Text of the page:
Interview With Eurovision Hopefuls Kalush Orchestra
Ukraine are firm favourites to win this year's Eurovision Song Contest. While there are some saying that Kalush Orchestra shouldn't be performing for political reasons, a great number are thankful that the stage in Turin will witness a live performance from the folk-rap pioneers, who effortlessly boast one of this year's biggest anthems. We caught up with the band's rapper and founder, Oleh Psiuk, to see how they are preparing for the competition and how music is key in keeping people's spirits raised.
Hi, first and foremost, how are you?
2022 has been a challenging one, however, you are a beacon of hope with your upcoming Eurovision performance. Is that the reason you've opted to continue with your entry?
We are still volunteering and raising money but the main strength of our band is music. Through our music we are able to deliver the message to the huge Eurovision audience. This is our way to be useful to our country. Ukraine currently needs as much support as possible. We also want people in Europe to pay attention to Ukrainian music as it is - authentic and unique. This music should be on the world market.
With the war ongoing, how will you be preparing for Turin?
We actually have permission to go to Eurovision and perform. This is a special permit from the State, which allows us to travel only to this event.
For a long time there was no such opportunity to meet physically in Ukraine, so we rehearsed online. Then the whole group gathered in Lviv to spend our first rehearsal finally together offline. As for the concept of the staging it’s done and we just need to place it nicely on the Eurovision stage. You will all be able to see the result in Turin pretty soon.
Of course, the preparations for Eurovision-2022 were challenging for us because of this war, but we are doing our best to bring the best performance for you.
You have actively worked on the frontline protecting Ukraine, how has that altered your perspective?
Oleg Psyuk founded own volunteer organization “Ty de?” (eng. “Where are you?”) to help displaced Ukrainians find shelter, medicine or food. It’s a small but active group of 35 volunteers. One of the members of Kalush Orchestra, joined the territorial defense in Kyiv. So we are all involved in the way we can. Our victory depends on it.
Artists have become voices of the people - Jamala, Melovin, Go_A to the young girl captured singing in a bunker. How important do you think the arts are in Ukraine currently?
Music is something that raises the fighting spirit of our people. Historically, all the events that took place with Ukrainians were reflected in poems and songs. This is what helps to create our history, to tell about our pain in creativity, and at the same time to be strong. We do say that music is the soul of Ukrainian people. So I’d say it is extremely important.
Your song, Stefania, has taken on new dimensions as a result of the war. Tell us about the songs origins.
Stefania is a song written for my mother, long before the war. I have never dedicated a song to her, but wanted to for a long time. She lives in Kalush, my hometown in the Western part of Ukraine.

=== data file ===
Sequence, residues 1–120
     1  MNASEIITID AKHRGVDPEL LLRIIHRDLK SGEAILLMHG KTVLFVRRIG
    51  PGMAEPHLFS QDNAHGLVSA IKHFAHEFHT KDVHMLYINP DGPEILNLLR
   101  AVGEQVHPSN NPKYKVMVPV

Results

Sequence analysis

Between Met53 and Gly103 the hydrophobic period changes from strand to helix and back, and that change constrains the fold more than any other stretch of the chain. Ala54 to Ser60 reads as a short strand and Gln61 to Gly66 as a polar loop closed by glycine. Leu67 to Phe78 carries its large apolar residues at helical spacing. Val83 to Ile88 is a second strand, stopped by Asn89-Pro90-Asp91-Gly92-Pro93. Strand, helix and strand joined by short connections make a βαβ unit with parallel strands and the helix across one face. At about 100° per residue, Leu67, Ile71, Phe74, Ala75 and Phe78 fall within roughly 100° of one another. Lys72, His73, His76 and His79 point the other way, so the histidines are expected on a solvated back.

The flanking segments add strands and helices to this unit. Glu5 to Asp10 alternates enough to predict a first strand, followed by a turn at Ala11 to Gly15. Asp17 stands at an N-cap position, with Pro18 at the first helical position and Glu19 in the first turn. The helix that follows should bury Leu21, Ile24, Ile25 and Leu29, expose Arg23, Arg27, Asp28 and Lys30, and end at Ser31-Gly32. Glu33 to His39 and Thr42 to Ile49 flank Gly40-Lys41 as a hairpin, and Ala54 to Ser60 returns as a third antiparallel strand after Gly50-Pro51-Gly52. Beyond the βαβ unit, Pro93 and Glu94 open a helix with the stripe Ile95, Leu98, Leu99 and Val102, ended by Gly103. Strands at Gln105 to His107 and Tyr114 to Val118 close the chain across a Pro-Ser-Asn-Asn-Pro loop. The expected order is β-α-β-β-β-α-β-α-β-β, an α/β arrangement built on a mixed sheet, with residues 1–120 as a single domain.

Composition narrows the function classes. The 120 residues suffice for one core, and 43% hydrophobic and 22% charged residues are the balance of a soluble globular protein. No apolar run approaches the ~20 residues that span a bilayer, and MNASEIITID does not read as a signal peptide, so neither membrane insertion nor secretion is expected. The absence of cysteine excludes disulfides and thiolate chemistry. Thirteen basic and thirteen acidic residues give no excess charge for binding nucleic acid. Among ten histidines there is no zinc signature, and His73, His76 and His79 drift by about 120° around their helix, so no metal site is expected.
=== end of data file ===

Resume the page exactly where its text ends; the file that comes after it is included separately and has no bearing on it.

After the Russians invaded, many people started to look for an additional meaning in it. From the song about a mother, it has become the song about the motherland. Stefania is a mix of rap verses and a folk chorus and some hip hop beats. There are Ukrainian ethnic instruments, such as ‘telynka’, lead flute in the song.
We dig it out from many generations and add modern, contemporary elements, rap, instruments. In the end we have a combination of what our ancestors had and what the young people like today.
All the songs of Kalush and Kalush Orchestra are based on their own stories and experiences, absolutely all of them. Our other song Home (Додому) has gained no less popularity and is more relevant now than ever. So many Ukrainians had to leave their homes and they simply miss their homeland.
You are getting to see your competition up close, who have you been getting along with best?
During the promotional tour we were getting along well with most of the guys. Still I should say It was nice to meet Lauri Ylonen, the leader of The Rasmus, in person. Everyone has probably heard their songs, and now we are performing on the same stage. Also, it is very nice that the guys from The Rasmus really support Ukraine.
Who do you feel is your stiffest competition?
Honestly, we don't think about competitors. We are now focused on our song and staging. Also all participants are strong, because if it were not so, they would not represent their countries.
What can we expect from your Turin performance?
Work on the concept of the staging is done, we just need to bring it on the Eurovision stage. The Kalush Orchestra has its own style, which we plan to preserve and show to the world. Okay, one thing we can reveal, we are preparing new costumes especially for Eurovision.
What is your Eurovision ambition?
Eurovision is an opportunity to present our culture and our music. But this year we want to show the strength of the Ukrainian spirit and bravery in the arena as well. Representing Ukraine at this time - huge responsibility. As for the place, we want to win but not for us. For all Ukrainians.